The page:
Pinworm Parasites (Enterobius vermmicularis)
The most common of all the worms in the United States, the pinworm is most prevalent in children. Transmission occurs through contaminated food, water, and hust dust - as well as human-to-human contact. The adult female pinworm moves outside the anus to lay eggs. Children can easily transmit the worms to the entire family through the bathtub, toilet seat, and bedclothes. Perianal itching is the most classic pinworm symptom. But these little quarter-inch mobile worms that resemble threads have been connected to an enormous range of neurological and behavioral symptoms. In a ten-year study of over 2000 cases of children with pinworms, it was documented seemingly unrelated symptoms which had previously not been associated with this parasitic infection.
Roundworm Parasites (Ascaris lumbricoides)
Another most common intestinal parasite in the world is the large roundworm known as Ascaris lumbricoides. Approximately 1 billion people are infected with ascaris. The worm resembles the common earthworm in appearance and is spread directly to humans from soil or contaminated food. Once the worms develop in the human system, they can pass through the liver and lungs, where they create severe tissue irritation and allergic reactions. Adult worms can travel through the body and end up almost anywhere, including the liver, heart and lungs. They can also create intestinal obstruction when present in large enough numbers. Symptoms can include nervousness, colic, poor appetite, fatigue, allergic reactions, coughing, wheezing, and a number of other reactions. Food cravings and malnutrition in children is characteristic of heavy ascaris infections because the worms compete with the human host for food. Ascaris inhibits absorption of proteins, carbohydrates, and fat-soluable vitamins.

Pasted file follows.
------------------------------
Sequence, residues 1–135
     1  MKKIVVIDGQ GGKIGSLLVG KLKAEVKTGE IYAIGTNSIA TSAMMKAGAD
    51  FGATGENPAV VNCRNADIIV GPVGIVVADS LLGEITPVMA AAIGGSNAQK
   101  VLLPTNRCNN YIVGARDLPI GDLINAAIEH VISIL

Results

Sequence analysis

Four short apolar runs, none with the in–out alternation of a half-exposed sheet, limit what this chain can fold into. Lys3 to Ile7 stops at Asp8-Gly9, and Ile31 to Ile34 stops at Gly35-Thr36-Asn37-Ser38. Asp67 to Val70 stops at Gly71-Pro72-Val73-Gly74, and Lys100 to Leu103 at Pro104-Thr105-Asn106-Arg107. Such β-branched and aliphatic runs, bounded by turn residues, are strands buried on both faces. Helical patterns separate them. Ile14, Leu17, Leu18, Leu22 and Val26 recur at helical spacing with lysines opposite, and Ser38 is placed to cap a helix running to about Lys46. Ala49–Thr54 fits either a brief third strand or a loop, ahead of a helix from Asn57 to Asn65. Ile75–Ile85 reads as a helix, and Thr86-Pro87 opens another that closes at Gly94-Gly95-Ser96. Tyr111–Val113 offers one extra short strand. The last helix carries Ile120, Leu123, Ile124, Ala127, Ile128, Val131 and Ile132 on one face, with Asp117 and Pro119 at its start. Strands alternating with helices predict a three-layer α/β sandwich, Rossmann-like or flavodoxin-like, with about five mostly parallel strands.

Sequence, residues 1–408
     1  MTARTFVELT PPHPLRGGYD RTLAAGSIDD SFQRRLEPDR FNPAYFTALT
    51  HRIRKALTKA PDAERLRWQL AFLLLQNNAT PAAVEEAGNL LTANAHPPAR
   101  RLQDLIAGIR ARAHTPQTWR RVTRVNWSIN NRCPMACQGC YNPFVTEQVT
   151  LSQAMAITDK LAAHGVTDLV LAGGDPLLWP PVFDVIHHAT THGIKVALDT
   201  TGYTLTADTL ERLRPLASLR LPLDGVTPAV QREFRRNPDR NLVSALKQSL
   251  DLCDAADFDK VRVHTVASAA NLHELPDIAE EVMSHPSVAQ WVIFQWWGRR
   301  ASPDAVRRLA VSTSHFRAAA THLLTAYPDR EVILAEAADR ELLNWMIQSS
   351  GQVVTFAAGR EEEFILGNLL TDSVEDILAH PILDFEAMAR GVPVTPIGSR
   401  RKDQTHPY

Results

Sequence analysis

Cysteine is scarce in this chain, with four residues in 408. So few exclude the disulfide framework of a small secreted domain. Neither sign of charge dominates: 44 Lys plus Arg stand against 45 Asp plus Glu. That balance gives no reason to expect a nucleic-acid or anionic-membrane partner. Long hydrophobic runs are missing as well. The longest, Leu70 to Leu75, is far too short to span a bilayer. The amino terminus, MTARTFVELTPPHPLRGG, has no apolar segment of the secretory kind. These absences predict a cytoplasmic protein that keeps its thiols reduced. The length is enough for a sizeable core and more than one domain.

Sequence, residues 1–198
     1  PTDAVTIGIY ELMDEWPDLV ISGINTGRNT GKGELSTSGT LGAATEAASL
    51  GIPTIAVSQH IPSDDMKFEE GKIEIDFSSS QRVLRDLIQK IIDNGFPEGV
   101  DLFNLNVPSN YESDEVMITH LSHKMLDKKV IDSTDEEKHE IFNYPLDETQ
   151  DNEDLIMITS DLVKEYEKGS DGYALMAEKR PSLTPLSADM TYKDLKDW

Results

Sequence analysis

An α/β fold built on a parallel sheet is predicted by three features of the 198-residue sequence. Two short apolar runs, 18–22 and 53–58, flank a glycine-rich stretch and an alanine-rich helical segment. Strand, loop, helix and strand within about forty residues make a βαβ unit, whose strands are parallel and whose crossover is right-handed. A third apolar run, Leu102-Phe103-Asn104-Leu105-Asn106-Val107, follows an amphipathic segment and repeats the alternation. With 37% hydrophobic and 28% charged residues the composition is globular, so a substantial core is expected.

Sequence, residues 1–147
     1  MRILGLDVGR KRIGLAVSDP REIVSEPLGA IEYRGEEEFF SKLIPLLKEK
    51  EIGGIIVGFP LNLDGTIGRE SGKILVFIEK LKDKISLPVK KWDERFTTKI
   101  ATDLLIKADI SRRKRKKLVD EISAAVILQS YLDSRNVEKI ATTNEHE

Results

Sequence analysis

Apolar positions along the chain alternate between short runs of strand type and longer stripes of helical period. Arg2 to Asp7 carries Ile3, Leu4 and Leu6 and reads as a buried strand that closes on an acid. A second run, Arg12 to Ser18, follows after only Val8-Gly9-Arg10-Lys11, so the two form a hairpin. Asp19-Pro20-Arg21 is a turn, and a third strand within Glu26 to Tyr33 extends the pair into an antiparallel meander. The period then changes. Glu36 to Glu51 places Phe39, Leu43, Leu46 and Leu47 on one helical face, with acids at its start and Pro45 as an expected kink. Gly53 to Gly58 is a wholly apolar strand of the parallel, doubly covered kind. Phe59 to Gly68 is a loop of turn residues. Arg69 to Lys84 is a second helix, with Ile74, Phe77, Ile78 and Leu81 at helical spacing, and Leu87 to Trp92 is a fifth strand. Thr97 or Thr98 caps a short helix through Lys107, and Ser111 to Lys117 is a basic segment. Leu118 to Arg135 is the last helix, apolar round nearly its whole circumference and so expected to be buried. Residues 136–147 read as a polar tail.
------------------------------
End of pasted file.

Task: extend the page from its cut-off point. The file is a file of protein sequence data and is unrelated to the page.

Hookworm Parasites (Necator americanus, Ancylostoma duodenal)